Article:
The following description sets forth specific details, such as particular embodiments, procedures, techniques, etc., for purposes of explanation and not limitation. But it will be appreciated by one skilled in the art that other embodiments may be employed apart from these specific details. For example, although the following description is facilitated using a non-limiting example to downlink high speed shared channels in a 3G environment, the present invention may be employed for uplink data transmissions as well and in any type of radio communications system that would benefit from the described technology.
In some instances, detailed descriptions of well-known methods, interfaces, circuits, and signaling are omitted so as not obscure the description with unnecessary detail. Moreover, individual blocks are shown in some of the figures. Those skilled in the art will appreciate that the functions of those blocks may be implemented using individual hardware circuits, using software programs and data, in conjunction with a suitably programmed digital microprocessor or general purpose computer, using application specific integrated circuitry (ASIC), and/or using one or more digital signal processors (DSPs).
The UTRAN 12 communicates with multiple user equipments (UEs) 20 over a Uu wireless interface. A UE may comprise mobile equipment (ME) 22 and a UMTS subscriber identity module (USIM) 24. The USIM 24 contains information related to the user and information related to security, for instance, an encryption algorithm. A UE includes but is not limited to a subscriber terminal, a mobile terminal, a mobile phone, a cell phone, a mobile station, a wireless terminal, etc.
Each cell area serviced by a base station or base station sector in the radio network 12 employs various types of radio channels to communicate with UEs 20 including dedicated channels, common channels, pilot or broadcast channels, and one or more high speed channels. In this example, downlink high speed channels include a high speed-downlink shared channel (HS-DSCH) and a high speed-downlink shared control channel (HS-SCCH).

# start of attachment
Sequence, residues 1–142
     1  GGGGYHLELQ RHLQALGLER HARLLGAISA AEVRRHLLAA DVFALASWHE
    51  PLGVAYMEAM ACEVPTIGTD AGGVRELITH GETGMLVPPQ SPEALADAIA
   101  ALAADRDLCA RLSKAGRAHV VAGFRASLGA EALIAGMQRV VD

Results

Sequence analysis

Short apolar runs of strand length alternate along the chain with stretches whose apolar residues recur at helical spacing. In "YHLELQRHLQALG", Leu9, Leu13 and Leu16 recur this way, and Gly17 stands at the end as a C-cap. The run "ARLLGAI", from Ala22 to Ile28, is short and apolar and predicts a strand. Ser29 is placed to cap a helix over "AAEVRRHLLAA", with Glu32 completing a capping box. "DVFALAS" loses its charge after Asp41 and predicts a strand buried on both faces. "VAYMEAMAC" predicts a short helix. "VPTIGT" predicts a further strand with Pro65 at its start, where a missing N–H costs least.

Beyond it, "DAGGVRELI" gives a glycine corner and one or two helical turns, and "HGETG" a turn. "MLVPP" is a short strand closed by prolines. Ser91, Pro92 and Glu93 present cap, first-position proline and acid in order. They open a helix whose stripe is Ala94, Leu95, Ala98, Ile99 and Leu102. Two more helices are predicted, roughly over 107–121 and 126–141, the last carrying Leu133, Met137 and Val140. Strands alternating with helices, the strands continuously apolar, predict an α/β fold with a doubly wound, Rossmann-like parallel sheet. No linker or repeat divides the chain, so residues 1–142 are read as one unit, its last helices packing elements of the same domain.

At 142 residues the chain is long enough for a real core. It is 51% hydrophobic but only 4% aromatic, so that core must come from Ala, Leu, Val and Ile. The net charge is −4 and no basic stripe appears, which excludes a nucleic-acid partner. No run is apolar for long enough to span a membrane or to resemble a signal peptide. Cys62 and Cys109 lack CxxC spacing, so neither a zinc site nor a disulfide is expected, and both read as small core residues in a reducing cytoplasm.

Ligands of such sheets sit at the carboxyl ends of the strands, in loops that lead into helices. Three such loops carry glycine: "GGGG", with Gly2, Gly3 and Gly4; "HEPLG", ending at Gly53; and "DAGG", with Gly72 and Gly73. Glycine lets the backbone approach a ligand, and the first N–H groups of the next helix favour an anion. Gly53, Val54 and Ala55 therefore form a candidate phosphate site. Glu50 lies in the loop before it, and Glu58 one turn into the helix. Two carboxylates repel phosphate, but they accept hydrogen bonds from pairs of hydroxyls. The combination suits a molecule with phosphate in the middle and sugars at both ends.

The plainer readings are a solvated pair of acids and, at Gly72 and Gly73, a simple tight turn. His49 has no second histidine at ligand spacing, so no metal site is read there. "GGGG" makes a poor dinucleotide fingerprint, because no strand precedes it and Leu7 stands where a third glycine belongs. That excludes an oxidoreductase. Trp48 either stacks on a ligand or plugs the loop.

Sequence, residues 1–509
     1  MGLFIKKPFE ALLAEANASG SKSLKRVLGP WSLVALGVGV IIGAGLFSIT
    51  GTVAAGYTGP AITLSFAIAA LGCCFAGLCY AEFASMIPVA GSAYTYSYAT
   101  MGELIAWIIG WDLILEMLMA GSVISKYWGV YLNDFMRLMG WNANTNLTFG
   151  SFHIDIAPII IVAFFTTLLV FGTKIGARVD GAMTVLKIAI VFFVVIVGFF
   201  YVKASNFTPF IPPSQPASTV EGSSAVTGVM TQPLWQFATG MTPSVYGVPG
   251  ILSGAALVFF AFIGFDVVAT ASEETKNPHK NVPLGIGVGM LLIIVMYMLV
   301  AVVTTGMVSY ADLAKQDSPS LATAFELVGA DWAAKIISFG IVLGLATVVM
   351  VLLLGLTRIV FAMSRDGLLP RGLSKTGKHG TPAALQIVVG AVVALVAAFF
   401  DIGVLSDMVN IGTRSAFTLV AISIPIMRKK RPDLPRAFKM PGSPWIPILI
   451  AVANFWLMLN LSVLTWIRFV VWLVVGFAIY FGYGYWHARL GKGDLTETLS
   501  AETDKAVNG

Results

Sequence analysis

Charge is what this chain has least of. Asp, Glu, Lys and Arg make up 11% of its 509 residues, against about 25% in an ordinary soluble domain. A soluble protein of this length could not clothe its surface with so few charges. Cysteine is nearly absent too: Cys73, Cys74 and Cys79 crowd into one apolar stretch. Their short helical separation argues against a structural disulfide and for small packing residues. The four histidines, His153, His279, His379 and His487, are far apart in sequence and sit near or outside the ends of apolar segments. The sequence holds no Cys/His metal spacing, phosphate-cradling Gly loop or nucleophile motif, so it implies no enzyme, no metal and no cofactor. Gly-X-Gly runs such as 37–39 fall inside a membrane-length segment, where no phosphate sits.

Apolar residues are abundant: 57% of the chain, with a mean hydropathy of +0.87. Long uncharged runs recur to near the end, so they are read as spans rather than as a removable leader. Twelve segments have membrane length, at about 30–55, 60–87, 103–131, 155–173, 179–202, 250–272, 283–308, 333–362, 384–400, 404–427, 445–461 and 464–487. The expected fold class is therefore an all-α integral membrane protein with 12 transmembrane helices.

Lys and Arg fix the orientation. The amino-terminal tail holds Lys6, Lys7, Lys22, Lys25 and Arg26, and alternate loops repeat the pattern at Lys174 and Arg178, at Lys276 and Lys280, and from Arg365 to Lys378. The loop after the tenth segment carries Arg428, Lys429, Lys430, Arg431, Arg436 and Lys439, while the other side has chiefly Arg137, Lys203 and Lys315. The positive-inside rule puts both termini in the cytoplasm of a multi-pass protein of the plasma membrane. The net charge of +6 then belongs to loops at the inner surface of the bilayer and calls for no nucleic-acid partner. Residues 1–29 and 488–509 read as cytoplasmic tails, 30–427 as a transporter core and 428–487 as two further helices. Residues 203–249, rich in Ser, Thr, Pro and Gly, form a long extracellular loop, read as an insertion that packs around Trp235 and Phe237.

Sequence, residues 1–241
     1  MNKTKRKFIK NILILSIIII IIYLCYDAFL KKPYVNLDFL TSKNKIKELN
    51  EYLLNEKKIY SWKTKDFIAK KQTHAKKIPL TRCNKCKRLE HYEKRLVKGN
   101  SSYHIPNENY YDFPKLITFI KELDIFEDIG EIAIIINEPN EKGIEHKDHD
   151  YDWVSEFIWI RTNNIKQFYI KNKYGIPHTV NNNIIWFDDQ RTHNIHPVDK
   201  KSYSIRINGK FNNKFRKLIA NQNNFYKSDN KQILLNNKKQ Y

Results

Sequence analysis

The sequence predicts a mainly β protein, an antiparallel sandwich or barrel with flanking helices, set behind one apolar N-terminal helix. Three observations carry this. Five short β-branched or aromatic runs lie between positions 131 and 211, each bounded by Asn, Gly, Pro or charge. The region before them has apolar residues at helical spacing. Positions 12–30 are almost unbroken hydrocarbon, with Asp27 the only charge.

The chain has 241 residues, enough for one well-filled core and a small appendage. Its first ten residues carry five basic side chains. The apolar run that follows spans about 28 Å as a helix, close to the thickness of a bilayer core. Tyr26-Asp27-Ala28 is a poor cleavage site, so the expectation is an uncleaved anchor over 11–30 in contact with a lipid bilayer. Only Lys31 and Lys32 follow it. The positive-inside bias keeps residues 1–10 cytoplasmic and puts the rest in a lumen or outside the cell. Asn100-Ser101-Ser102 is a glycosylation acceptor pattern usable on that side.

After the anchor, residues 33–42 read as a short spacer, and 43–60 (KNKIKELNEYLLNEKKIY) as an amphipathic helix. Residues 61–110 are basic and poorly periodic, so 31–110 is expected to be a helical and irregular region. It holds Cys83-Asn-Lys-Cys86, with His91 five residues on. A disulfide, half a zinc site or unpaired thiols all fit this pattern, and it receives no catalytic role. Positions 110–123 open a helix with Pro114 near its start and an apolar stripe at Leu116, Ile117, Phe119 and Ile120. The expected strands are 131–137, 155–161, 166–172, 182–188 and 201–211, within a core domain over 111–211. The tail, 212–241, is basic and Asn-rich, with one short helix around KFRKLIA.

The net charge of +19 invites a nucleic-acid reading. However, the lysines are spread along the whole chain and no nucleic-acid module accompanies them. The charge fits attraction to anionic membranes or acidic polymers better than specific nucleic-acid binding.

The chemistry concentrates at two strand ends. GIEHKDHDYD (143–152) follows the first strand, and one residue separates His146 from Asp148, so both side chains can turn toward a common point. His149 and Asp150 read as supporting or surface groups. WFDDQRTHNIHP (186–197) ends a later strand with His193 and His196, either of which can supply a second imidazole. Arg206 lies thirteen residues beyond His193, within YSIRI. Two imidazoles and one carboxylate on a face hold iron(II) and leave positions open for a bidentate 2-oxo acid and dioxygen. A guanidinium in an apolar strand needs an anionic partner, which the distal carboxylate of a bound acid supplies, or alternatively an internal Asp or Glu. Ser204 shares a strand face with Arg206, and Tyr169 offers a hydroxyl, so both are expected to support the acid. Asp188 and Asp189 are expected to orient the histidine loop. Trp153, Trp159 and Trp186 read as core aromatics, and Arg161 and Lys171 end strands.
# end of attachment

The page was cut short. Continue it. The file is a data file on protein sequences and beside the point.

The HSDPA controller 32 supports fast link adaptation (LA) where the bit rate over the high speed transport channel is varied in each transmission time interval (TTI). The bit rate is varied by mapping the high speed transport channel into a variable number of parallel spreading codes with a variable effective code rate (ECR). Mapping is performed by using a QPSK (quadrature phase shift keying) or 16 QAM (16-quadrature amplitude) modulation. With help of the CQI report, the HSDPA controller 32 selects a transport block size (TBS) to be used during the next transmission time interval as well as the transport format (TF) including modulation scheme and the number of parallel spreading codes.
In performing link adaptation for the high speed transport channel, the HSDPA controller 32 must ensure that the maximum transmit power limits are not exceeded while at the same time ensuring that HSDPA throughput is not unnecessarily constrained.
The HSDPA controller 32 limits the rate at which the high speed transport channel can increase its transmit power to a new UE, which is especially important when the available power is large. Rather than use a constant power increase rate limit, which negatively impacts the achievable bit rate over the high-speed downlink channel, the HSDPA controller 32 employs a variable power increase rate limit approach. The variability can be determined or set depending on one or more factors and can be implemented in any suitable fashion.
In one non-limiting example implementation, the variable power increase factor is varied with the total downlink transmitted power in the last subframe. The variance be linear, non-linear, continuous, or discontinuous. From the CQI report from the UE and the available power for the HS-DSCH, the HSDPA controller 32 calculates a power increase rate that is permissible under those conditions. The HSDPA controller 32 knows the maximum power that can be used in the cell and the power currently not being used for HS transmission. The difference between the maximum possible power and the power not used for HS transmission can, without additional power limitation, be used for HS transmission. If the permissible power increase is not too large, the HSDPA controller 32 may rapidly increase up to the available power to maximize throughput. But for larger available power increases, the HSDPA controller 32 moderates that increase. For example, the HSDPA controller 32 uses a more conservative value for the transmit power increase factor at the beginning of the high speed downlink transmission, and then a more liberal value later in the high speed downlink transmission.